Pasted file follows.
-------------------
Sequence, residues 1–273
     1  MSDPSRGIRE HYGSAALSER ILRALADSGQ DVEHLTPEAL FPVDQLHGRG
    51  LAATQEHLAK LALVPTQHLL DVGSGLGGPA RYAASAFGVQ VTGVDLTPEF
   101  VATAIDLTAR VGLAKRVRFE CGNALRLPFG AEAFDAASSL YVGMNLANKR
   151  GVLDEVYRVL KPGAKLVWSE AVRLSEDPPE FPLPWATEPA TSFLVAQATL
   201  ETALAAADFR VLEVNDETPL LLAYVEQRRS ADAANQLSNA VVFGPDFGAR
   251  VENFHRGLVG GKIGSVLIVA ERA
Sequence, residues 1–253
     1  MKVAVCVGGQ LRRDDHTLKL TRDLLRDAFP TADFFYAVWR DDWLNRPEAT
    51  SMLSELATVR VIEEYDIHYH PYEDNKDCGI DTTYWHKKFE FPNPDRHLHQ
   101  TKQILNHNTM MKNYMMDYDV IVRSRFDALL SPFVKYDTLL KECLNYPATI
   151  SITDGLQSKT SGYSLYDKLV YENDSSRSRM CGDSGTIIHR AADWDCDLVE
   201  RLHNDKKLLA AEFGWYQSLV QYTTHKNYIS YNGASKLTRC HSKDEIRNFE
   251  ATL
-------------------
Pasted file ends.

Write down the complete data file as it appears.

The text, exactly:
Sequence, residues 1–273
     1  MSDPSRGIRE HYGSAALSER ILRALADSGQ DVEHLTPEAL FPVDQLHGRG
    51  LAATQEHLAK LALVPTQHLL DVGSGLGGPA RYAASAFGVQ VTGVDLTPEF
   101  VATAIDLTAR VGLAKRVRFE CGNALRLPFG AEAFDAASSL YVGMNLANKR
   151  GVLDEVYRVL KPGAKLVWSE AVRLSEDPPE FPLPWATEPA TSFLVAQATL
   201  ETALAAADFR VLEVNDETPL LLAYVEQRRS ADAANQLSNA VVFGPDFGAR
   251  VENFHRGLVG GKIGSVLIVA ERA
Sequence, residues 1–253
     1  MKVAVCVGGQ LRRDDHTLKL TRDLLRDAFP TADFFYAVWR DDWLNRPEAT
    51  SMLSELATVR VIEEYDIHYH PYEDNKDCGI DTTYWHKKFE FPNPDRHLHQ
   101  TKQILNHNTM MKNYMMDYDV IVRSRFDALL SPFVKYDTLL KECLNYPATI
   151  SITDGLQSKT SGYSLYDKLV YENDSSRSRM CGDSGTIIHR AADWDCDLVE
   201  RLHNDKKLLA AEFGWYQSLV QYTTHKNYIS YNGASKLTRC HSKDEIRNFE
   251  ATL